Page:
“Our fundamental rights don’t come from the government,” he emphasized, “because if government gives them, government can take them. They come from God, and we created a government unlike any that’s ever been, whose sole purpose was to protect those God-given rights so that we could live in our personal, individual liberty.”

Apart from the former governor of Arkansas, Bishop Donald J. Hying of Madison, Wisconsin, has also said he “cannot remain silent” in the face of King's call to destroy representations of Jesus Christ. “I need to denounce such a call to violence and destruction,” he wrote in a letter dated June 23.

“Our statues, pictures, stained-glass windows, churches, icons, and devotions are holy to us,” Bishop Hying explained. “They are sacramentals, blessed and sacred, visible expressions of the love of God, poured out in the life, death, and resurrection of Jesus and made manifest in the Saints. They remind us of God, His love for us in Christ, and the nearness of the divine.”

The bishop of Madison condemned the “secular iconoclasm of the current moment,” as it “will not bring reconciliation, peace, and healing. Such violence will only perpetuate the prejudice and hatred it ostensibly seeks to end.”

In response to King’s claim of a white representation of Jesus Christ indicating “white supremacy,” Bishop Hying pointed out that among Catholics, “every culture, country, ethnicity, and race has claimed Jesus and the Blessed Virgin Mary as their own. Our Lady of Guadalupe appeared to Saint Juan Diego as a mestiza, African art depicts Jesus as Black, Asian depictions of the Blessed Mother, too, take on similarities of both bodily appearance and, often, cultural garb.”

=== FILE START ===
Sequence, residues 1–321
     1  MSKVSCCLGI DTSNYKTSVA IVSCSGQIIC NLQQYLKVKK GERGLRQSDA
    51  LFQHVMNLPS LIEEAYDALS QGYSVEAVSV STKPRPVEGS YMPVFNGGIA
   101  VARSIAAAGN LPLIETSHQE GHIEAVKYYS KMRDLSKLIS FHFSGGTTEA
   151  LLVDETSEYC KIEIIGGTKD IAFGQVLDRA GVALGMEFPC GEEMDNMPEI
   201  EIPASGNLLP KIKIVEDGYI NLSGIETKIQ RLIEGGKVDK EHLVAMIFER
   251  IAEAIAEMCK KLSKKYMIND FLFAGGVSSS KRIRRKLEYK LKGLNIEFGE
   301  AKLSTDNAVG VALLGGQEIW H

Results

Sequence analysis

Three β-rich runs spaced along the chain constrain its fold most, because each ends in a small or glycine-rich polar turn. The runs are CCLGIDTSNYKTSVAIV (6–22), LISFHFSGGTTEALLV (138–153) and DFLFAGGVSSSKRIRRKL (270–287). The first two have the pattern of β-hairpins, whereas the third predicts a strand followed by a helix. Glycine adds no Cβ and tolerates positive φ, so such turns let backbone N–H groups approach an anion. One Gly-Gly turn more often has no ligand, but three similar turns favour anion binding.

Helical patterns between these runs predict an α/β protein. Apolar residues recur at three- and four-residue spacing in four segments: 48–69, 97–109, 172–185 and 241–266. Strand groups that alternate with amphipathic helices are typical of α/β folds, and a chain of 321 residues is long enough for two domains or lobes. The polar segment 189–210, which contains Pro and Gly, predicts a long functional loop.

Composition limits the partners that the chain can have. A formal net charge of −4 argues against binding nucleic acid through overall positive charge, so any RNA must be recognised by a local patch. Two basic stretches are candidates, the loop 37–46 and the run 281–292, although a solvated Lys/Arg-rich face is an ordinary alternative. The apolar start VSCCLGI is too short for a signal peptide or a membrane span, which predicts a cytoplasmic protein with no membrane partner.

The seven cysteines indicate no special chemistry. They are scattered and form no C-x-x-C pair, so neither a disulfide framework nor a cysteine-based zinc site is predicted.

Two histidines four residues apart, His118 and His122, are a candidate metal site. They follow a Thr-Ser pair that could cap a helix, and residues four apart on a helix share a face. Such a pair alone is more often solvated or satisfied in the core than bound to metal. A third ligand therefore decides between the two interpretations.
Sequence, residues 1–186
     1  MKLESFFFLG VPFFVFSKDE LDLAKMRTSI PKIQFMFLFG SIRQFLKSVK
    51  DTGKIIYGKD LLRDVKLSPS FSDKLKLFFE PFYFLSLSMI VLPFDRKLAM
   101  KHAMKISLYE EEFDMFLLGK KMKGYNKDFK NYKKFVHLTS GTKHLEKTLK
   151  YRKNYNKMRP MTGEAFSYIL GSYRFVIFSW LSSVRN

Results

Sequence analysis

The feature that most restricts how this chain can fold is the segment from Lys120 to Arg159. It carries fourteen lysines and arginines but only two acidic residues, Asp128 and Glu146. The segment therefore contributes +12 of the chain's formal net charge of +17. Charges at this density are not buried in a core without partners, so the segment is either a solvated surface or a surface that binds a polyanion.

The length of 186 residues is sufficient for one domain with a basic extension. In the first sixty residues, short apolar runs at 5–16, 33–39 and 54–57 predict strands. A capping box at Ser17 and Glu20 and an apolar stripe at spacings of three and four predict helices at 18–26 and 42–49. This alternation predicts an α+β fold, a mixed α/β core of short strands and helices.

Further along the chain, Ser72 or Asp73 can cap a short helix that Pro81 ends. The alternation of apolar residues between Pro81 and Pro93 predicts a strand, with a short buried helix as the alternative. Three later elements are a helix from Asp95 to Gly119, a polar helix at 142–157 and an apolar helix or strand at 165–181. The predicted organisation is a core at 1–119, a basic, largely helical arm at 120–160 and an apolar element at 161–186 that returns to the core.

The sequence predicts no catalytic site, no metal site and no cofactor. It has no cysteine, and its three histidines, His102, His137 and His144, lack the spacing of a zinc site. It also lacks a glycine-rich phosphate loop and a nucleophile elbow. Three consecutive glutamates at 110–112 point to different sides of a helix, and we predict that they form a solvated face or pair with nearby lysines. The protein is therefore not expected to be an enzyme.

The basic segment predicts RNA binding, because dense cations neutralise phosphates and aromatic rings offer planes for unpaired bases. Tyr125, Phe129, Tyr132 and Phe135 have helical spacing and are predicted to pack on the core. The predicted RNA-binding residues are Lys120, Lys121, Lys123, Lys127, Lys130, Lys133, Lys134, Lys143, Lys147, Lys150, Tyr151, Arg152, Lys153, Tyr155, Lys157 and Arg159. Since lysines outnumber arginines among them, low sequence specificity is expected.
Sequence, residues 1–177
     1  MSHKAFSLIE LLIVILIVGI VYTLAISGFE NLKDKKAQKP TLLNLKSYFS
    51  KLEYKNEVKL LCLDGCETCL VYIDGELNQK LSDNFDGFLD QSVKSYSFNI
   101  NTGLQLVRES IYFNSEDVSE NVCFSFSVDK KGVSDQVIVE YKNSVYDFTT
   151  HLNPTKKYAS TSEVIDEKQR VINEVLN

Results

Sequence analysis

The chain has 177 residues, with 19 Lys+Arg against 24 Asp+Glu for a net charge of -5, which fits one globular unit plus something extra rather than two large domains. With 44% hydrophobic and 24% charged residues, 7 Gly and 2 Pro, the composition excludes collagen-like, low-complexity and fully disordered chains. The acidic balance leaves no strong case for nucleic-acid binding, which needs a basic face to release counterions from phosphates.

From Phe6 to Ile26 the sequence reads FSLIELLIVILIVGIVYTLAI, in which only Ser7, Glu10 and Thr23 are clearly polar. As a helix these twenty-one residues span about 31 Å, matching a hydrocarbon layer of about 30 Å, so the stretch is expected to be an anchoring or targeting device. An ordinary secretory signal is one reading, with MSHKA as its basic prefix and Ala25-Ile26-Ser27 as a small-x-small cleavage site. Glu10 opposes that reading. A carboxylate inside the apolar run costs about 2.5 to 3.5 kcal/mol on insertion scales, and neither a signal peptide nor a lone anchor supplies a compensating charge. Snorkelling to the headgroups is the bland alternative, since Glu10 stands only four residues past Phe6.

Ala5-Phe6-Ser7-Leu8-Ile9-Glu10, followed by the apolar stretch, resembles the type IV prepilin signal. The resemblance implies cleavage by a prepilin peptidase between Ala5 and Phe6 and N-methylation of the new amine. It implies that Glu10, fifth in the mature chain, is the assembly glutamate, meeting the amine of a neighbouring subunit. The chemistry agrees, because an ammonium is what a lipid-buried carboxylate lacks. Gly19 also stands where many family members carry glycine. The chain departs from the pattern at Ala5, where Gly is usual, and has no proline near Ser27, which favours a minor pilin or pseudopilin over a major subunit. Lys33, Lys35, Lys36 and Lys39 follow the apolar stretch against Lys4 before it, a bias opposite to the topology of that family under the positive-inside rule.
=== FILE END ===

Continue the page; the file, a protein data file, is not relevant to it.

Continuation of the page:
Additionally, Archbishop Salvatore Cordileone of San Francisco on June 20 condemned the tearing down of statues of St. Junipero Serra, who was canonized by Pope Francis in 2016. Cordileone called it “mob rule, a troubling phenomenon that seems to be repeating itself throughout the country.”

“Our dear city bears the name of one of history’s most iconic figures of peace and goodwill: St. Francis of Assisi,” Cordileone explained. “For the past 800 years, the various Franciscan orders of brothers, sisters and priests that trace their inspiration back to him have been exemplary of not only serving, but identifying with, the poor and downtrodden and giving them their rightful dignity as children of God. St. Junipero Serra is no exception.”

The archbishop of San Francisco also briefly recounted the saint’s achievements in his life. 

“St. Serra made heroic sacrifices to protect the indigenous people of California from their Spanish conquerors, especially the soldiers,” Cordileone wrote. “Even with his infirmed leg which caused him such pain, he walked all the way to Mexico City to obtain special faculties of governance from the Viceroy of Spain in order to discipline the military who were abusing the Indians. And then he walked back to California.”

“And lest there be any doubt, we have a physical reminder to this day: everywhere there is a presidio (soldiers’ barracks) associated with a mission in the chain of 21 missions that he founded, the presidio is miles away from the mission itself and the school,” he pointed out.

“St. Junipero Serra also offered them the best thing he had: the knowledge and love of Jesus Christ, which he and his fellow Franciscan friars did through education, health care, and training in the agrarian arts.”

In St. Louis, Missouri, Catholics have been gathering and praying at a statue of the city’s namesake, Saint Louis IX, as a small group of leftists campaigns to tear it down. St. Louis IX, the only king of France to be canonized a Catholic saint, is famous for ending the practice of trial by combat and replacing it with trial by jury.  


  mike huckabee, racism, rioting, riots, shaun king, statues